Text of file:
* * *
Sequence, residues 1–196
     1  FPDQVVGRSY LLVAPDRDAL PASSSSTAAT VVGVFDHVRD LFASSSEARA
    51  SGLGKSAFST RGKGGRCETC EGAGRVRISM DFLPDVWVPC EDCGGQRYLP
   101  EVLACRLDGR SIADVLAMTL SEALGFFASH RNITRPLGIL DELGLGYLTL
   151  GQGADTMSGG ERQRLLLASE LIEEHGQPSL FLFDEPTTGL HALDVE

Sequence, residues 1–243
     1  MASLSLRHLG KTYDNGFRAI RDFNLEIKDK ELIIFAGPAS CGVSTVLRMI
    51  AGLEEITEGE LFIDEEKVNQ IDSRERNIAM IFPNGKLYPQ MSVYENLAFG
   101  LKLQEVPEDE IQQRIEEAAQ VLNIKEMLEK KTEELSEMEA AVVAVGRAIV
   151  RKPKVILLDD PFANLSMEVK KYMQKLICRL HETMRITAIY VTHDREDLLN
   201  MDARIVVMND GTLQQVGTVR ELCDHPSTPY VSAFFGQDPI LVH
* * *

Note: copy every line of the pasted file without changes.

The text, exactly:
Sequence, residues 1–196
     1  FPDQVVGRSY LLVAPDRDAL PASSSSTAAT VVGVFDHVRD LFASSSEARA
    51  SGLGKSAFST RGKGGRCETC EGAGRVRISM DFLPDVWVPC EDCGGQRYLP
   101  EVLACRLDGR SIADVLAMTL SEALGFFASH RNITRPLGIL DELGLGYLTL
   151  GQGADTMSGG ERQRLLLASE LIEEHGQPSL FLFDEPTTGL HALDVE

Sequence, residues 1–243
     1  MASLSLRHLG KTYDNGFRAI RDFNLEIKDK ELIIFAGPAS CGVSTVLRMI
    51  AGLEEITEGE LFIDEEKVNQ IDSRERNIAM IFPNGKLYPQ MSVYENLAFG
   101  LKLQEVPEDE IQQRIEEAAQ VLNIKEMLEK KTEELSEMEA AVVAVGRAIV
   151  RKPKVILLDD PFANLSMEVK KYMQKLICRL HETMRITAIY VTHDREDLLN
   201  MDARIVVMND GTLQQVGTVR ELCDHPSTPY VSAFFGQDPI LVH